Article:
From the Chinese film version of "The Gallant Maid" titled "The Heroine"

He Yufeng was created by “Yanbei Xianren” and appeared in Ernü ying xiong zhuan (The Gallant Maid, 1851-1879). “Yanbei Xianren” was the pseudonym of Wen K’ang (1798- 1872), a local official in Anhui who came from a prominent Manchu family and was appointed imperial agent to Lhasa. The Gallant Maid is little-known outside of China but is popular inside it, having inspired sixteen sequels.

The Gallant Maid is about He Yufeng (“Jade Phoenix”) and An Ji. An Ji is the son of the righteous official and Manchu bannerman An Xuehai. An Xuehai is in charge of the repair of a dam, but a flood destroys the dam and An Xuehai is made the scapegoat for its destruction. An Xuehai is imprisoned and ordered to pay a large fine. An Ji travels a long way to help his father, carrying a large load of silver to ransom him, but he repeatedly runs into misfortune, with his donkey drivers and later some evil monks both trying to rob him. Both times he is rescued by He Yufeng, who also frees an old farmer whose wife and daughter, Chinfeng (“Golden Phoenix”), had been captured by the monks. He Yufeng explains herself to the farmer. Years ago her father, General Ho, had been killed by sorcery. General Ho had been a high official of the Solid Yellow Banner, but his superior had ordered him to marry He Yufeng to the official’s son. The son was crude and barbaric and was unworthy of He Yufeng, who is beautiful and educated. General Ho refused to countenance the wedding, so his superior had him jailed on false charges and then killed him via sorcery. He Yufeng, loyal to her father in the proper Confucian way, retreats to a rustic village with her mother and then goes to the underworld and trains herself as a nüxia, or female knight-errant, to avenge her father. While her mother is alive, however, He Yufeng cannot carry our her revenge, and instead makes a good living robbing corrupt and evil government officials. He Yufeng is so strong and such a good fighter that all the other outlaws greatly respect and fear her. In the underworld she is known as Shisan Mei, “the Thirteenth Sister.”

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QUAINT #25 Pedro Arbuez d’Espila in “The Torture of Hope” by Villiers de l’Isle Adam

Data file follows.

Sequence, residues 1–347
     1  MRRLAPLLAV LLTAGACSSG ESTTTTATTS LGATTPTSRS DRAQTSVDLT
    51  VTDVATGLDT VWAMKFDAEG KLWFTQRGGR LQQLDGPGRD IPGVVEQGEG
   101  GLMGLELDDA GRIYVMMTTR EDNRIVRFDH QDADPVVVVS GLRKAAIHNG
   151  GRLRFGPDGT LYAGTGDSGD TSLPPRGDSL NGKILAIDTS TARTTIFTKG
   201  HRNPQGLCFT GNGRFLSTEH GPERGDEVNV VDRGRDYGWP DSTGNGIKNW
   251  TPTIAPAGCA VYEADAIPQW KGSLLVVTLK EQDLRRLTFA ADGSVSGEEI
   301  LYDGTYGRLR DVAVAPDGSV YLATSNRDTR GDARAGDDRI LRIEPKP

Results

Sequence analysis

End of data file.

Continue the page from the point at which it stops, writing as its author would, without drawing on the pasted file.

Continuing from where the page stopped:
Inquisition Scene by Francisco Goya

Inquisition Scene by Francisco Goya

Pedro Arbuez d’Espila was created by Villiers de l’Isle Adam and appeared in “The Torture of Hope” (Nouveaux Contes Cruels, 1888). “The Torture of Hope” is in many ways the quintessential conte cruel.

There was a real Pedro Arbuez d’Espila, Don Pedro Arbues de Epilae (1441/2-1485, one of the most notorious and vicious of the Spanish Grand Inquisitors. Arbues engaged in compulsory baptism of Jews and used judicial torture to ensure that the conversions were sincere. Arbues was killed by a group of Jews in 1485; Pope Pius IX canonized Arbues as St. Peter of Arbues in 1867.

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QUAINT #22: “Les Xipéhuz” (The Shapes) by J.H. Rosny

Close up of Danae Stratou's "Desert Breath", which would be an apt illustration for this novelette. Image courtesy of io9. Click for link.

The Xipéhuz were created by “J. H. Rosny (aîné)” and appeared in “Les Xipéhuz” (“The Shapes,” L’Immolation, 1887). “J. H. Rosny (aîné)” was the pen name of Joseph Henri Honoré Böex (1866-1940), a French author. For many years after his death Böex was forgotten, primarily because the majority of his work was written in disrespected genres like science fiction and the prehistoric romance. But in recent years critics and academics have begun paying him more attention and giving him the credit he deserves. Böex produced some remarkable science fiction and is considered (with Jules Verne) to be one of the most influential figures in the development of science fiction in France. “Les Xipéhuz” is one of his most famous, and best, stories.